About The Book
Andrew, the manager of Shanamore Holiday Cottages, watches his only guest via a hidden camera in her room. One night the unthinkable happens: a shadowy figure emerges onscreen, kills her and destroys the camera. But who is the murderer? How did they know about the camera? And how will Andrew live with himself?
Natalie wishes she’d stayed at home as soon as she arrives in the wintry isolation of Shanamore. There’s something creepy about the manager. She wants to leave, but she can’t – not until she’s found what she’s looking for…
This is an explosive story about a murder caught on camera. You’ve already missed the start. To get the full picture you must rewind the tape and play it through to the end, no matter how shocking…
With thanks to the publisher for the copy received via Pigeonhole. Rewind was a novel that I found gripping and at times slightly intimidating. It was a novel where even though none of the characters were particularly likeable I wanted to know more about all of them.
It does jump backward and forward in time quite often and at first I found this a little confusing but once I got used to it and the characters I thought it worked well. Natalie’s career choice was one that baffled me. Internet stardom is something that I don’t really understand the attraction of, but it was more preferable than Audrey’s. Voyeuristic journalism is something I detest, and the author managed to make me dislike it even more. It amused me that Audrey felt the same way. she was one of the few characters I liked more than the others.
I found Rewind to be original, reading it serialised added to the intrigue and suspicion and has left me with the need to examine every inch of a hotel room from now on.
About the Book
Her first love confessed to five murders. But the truth was so much worse.
Dublin’s notorious Canal Killer, Will Hurley, is ten years into his life sentence when the body of a young woman is fished out of the Grand Canal. Though detectives suspect they are dealing with a copycat, they turn to Will for help. He claims he has the information the police need, but will only give it to one person – the girl he was dating when he committed his horrific crimes.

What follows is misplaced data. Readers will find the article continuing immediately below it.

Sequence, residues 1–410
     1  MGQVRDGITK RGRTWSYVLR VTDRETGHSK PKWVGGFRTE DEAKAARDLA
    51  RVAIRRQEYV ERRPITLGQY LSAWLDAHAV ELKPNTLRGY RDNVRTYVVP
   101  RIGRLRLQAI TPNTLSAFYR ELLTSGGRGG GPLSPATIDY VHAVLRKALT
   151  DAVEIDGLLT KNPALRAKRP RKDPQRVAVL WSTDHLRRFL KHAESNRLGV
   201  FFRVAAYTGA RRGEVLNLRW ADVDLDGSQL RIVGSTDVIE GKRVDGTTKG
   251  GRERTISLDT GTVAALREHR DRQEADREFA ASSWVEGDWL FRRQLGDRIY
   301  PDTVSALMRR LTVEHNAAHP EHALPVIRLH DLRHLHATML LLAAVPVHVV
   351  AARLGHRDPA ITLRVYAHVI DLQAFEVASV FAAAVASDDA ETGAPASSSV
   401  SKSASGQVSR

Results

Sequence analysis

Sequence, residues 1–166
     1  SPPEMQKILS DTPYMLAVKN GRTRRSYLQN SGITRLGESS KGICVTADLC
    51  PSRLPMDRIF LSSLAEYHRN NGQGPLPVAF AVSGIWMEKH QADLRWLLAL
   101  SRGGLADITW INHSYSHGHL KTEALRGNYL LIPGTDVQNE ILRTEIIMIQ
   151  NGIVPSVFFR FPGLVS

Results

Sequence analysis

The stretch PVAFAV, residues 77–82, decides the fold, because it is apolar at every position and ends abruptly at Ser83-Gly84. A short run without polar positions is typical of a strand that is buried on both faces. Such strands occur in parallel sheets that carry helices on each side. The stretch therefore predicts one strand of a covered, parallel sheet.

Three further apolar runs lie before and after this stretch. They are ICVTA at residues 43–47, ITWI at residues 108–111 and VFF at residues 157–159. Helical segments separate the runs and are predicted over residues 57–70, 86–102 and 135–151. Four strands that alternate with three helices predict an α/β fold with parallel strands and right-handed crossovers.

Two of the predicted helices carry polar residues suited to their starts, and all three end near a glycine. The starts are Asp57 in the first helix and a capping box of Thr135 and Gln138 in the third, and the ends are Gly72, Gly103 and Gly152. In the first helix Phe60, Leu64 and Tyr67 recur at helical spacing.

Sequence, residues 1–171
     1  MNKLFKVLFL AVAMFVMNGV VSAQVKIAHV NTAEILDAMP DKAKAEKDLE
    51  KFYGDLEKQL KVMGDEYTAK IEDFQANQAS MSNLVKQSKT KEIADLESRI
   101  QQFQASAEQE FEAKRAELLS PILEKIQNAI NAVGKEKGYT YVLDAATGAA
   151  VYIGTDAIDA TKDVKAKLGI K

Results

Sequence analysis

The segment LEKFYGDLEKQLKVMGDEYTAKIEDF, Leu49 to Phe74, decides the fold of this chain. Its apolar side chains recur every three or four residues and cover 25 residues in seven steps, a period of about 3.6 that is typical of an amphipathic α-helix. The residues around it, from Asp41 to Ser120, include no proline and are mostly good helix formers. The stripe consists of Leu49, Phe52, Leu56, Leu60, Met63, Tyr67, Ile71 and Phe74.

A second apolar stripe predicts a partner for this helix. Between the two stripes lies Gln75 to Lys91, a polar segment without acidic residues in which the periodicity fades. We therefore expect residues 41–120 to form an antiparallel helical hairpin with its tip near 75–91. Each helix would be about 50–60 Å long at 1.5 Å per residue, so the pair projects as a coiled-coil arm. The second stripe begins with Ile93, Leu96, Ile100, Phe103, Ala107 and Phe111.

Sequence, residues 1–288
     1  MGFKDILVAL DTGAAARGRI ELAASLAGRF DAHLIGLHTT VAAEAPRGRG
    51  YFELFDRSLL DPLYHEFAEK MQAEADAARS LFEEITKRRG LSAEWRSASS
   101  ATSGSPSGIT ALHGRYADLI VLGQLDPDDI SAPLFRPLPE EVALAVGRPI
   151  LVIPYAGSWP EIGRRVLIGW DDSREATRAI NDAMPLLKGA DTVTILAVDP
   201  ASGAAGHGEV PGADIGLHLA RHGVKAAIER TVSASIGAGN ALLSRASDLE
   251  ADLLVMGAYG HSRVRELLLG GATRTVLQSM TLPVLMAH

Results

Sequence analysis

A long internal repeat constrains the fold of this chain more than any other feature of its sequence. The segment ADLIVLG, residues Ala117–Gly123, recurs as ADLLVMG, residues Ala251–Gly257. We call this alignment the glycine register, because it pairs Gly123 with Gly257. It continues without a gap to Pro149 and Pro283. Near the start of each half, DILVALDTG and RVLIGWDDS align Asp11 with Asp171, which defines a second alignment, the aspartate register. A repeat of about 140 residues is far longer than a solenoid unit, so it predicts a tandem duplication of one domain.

Alison Smith has spent the last decade abroad, putting her shattered life in Ireland far behind her. But when she gets a request from Dublin imploring her to help prevent another senseless murder, she is pulled back to face the past – and the man – she’s worked so hard to forget.
With thanks to the publisher for the copy via Jellybooks.
The Liar’s Girl is the first book that I have read by Catherine Ryan Howard. It is a dual time frame novel with the same character. Set in modern-day where Alison has rebuilt her life in the Netherlands after the events that occurred when she was at university and also as they happened. You see her excitement at being away from home for the first time, socialising and meeting new friends and her first boyfriend Will. You also see how she has had to cope with loss and betrayal years later. Losing her best friend and her boyfriend and feeling guilty over both.
When a series of new murders occur the verdict against Will is in doubt and with pressure from the Gardaí she returns home to Ireland.
It is an excellent read. All of the characters and relationships felt real and unforced. I loved Alison’s relationship with Mam. Every scene she appeared in made me smile at some part it. Whilst this is a crime novel, the murders and the solving of them seem to take a back seat. The only one that is shown with any details is the murder of Liz. I thought this novel focused on the characters more and how they dealt with the situation. The most fascinating part for me was the friendship and death of Liz and how one-sided the friendship was. Liz was a manipulative person and not really a nice friend to have. But even though Alison knew all of her faults she had always accepted them and felt immense guilt and loss over her death.
I think this is a standalone novel but there is definitely potential for a series with the Gardaí, especially Malone, the guard who was happy to show his caring side.